Dr Garland Anderson, a family medicine specialist at Our Lady of the Angels hospital in Bogalusa – 70 miles north of New Orleans – says the hospital doesn’t have enough beds for patients and can’t even get ill people transferred to other hospitals because they are also operating capacity.
‘The system is so packed that people who come in with a stroke, with a heart attack, with life-threatening conditions, we are unable to deal with it,’ Anderson told NOLA.com.
‘We are unable to transfer patients to any hospital in Mississippi, Alabama, Florida, Missouri. There are no beds anywhere.’
Texas officials have requested five mortuary trailers from the federal government because state officials are expecting a rise in COVID-19 deaths. Pictured: A refrigerated trailer that the San Antonio health authorities acquired to store bodies in Bexar County, Texas, July 2020
Three of the five trailers will arrive in Texas on Friday and the remaining two on Saturday, according to FEMA. Pictured: El Paso County Medical Examiner’s Office staff lock-up the mobile morgues before moving bodies that are in bags labeled Covid from refrigerated trailers into the morgue office in El Paso, Texas, November 2020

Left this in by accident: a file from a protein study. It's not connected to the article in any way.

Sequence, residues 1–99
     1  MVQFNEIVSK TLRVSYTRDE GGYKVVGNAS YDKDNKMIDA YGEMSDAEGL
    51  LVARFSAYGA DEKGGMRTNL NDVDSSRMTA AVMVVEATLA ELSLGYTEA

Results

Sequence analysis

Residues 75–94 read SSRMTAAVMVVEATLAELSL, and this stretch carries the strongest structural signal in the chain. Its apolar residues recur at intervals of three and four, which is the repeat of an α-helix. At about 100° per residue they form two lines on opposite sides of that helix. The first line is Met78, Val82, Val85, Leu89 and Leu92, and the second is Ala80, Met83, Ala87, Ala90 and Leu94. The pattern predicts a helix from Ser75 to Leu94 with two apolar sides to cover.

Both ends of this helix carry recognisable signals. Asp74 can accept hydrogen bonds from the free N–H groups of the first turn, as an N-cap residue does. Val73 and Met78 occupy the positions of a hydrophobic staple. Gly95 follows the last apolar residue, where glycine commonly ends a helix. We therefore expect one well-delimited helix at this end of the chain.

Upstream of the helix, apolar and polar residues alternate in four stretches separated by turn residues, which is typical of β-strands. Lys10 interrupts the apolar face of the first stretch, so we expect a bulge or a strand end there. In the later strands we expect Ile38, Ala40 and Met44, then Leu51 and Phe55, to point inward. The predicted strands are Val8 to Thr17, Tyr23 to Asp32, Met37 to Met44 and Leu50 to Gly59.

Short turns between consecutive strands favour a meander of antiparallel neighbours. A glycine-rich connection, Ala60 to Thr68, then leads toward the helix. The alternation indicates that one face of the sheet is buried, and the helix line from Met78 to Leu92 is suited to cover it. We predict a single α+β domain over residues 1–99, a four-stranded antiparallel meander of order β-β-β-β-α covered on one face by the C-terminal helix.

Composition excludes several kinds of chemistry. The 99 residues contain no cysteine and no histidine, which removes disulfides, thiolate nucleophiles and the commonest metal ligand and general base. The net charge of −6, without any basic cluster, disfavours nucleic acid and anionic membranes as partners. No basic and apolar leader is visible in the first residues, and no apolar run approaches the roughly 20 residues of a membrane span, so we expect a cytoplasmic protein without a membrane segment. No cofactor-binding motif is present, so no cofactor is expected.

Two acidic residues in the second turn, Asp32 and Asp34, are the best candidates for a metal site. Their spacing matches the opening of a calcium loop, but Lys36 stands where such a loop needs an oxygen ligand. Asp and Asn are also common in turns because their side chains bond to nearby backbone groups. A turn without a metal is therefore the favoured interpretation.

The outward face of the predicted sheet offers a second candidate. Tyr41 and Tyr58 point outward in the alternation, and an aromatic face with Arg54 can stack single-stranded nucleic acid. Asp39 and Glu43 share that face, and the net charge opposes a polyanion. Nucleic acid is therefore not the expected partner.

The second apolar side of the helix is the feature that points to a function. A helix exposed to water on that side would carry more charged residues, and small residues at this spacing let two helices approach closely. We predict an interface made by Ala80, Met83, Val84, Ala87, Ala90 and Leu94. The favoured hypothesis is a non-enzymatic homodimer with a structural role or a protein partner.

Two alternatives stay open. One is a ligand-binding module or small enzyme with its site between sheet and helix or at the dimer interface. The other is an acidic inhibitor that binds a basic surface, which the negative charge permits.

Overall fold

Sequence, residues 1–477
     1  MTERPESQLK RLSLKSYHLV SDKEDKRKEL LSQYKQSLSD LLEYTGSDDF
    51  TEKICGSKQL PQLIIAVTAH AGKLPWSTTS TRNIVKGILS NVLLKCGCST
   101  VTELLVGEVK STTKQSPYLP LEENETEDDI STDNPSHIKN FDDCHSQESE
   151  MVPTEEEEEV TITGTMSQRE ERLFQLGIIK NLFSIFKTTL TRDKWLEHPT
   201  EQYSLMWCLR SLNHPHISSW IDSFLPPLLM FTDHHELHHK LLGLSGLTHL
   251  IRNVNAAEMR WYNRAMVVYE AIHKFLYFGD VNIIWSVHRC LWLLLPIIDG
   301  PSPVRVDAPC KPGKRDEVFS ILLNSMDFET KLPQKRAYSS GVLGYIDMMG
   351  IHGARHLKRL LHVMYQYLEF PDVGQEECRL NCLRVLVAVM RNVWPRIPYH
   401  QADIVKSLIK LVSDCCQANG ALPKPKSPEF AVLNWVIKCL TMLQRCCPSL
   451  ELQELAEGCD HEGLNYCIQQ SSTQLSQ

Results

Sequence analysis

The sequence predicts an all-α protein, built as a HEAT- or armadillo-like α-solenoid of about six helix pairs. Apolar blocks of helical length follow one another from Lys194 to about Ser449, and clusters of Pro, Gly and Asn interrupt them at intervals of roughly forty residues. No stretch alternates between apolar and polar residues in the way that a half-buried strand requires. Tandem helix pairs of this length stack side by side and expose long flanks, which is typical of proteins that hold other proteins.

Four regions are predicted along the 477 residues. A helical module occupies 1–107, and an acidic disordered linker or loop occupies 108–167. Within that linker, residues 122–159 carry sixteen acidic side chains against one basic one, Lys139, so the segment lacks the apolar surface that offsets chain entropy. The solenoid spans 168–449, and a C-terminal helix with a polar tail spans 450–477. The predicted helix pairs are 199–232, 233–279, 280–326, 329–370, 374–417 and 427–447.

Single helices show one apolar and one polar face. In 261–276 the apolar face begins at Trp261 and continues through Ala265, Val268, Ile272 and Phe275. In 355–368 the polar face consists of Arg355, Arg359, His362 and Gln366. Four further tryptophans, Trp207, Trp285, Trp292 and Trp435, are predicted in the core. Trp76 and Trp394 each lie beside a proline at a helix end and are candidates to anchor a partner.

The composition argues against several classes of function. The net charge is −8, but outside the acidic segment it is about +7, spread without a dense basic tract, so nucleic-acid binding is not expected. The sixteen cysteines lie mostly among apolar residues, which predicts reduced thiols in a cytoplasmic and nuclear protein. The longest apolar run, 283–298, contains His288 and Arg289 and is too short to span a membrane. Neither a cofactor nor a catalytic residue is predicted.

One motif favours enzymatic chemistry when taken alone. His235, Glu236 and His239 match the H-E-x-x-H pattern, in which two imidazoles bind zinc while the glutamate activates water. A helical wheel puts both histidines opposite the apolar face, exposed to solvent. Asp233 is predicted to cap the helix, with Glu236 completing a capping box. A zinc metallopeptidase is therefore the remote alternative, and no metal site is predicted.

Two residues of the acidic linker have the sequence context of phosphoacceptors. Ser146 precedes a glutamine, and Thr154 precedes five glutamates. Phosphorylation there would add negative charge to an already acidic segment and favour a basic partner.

In Texas, the seven-day rolling average of COVID-19 cases has risen 348 percent in a month to 12,478 per day from an average of 2,783 per day.
The state expects that a rise in deaths will soon follow with officials requesting five mortuary trailers from the federal government, reported NBC News.
The trucks will be sent by the Federal Emergency Management Agency and distributed around Texas.
Texas is currently averaging 80 Covid-related deaths per day, a figure not seen since mid-March 2021.
Doug Loveday, a spokesperson for the Department of State Health Services, told NBC News that officials requested the trailers on August 4 after models projected an increase in COVID-19 fatalities.
‘We are anticipating a need within the state of Texas for these trailers as Covid cases and hospitalizations continue to increase,’ Loveday said.
A spokesperson for FEMA confirmed the request and said three of the five trailers will arrive in Texas on Friday and the remaining two on Saturday.
‘FEMA and HHS continue to work closely with the state of Texas to provide needed resources,’ the spokesperson told NBC News.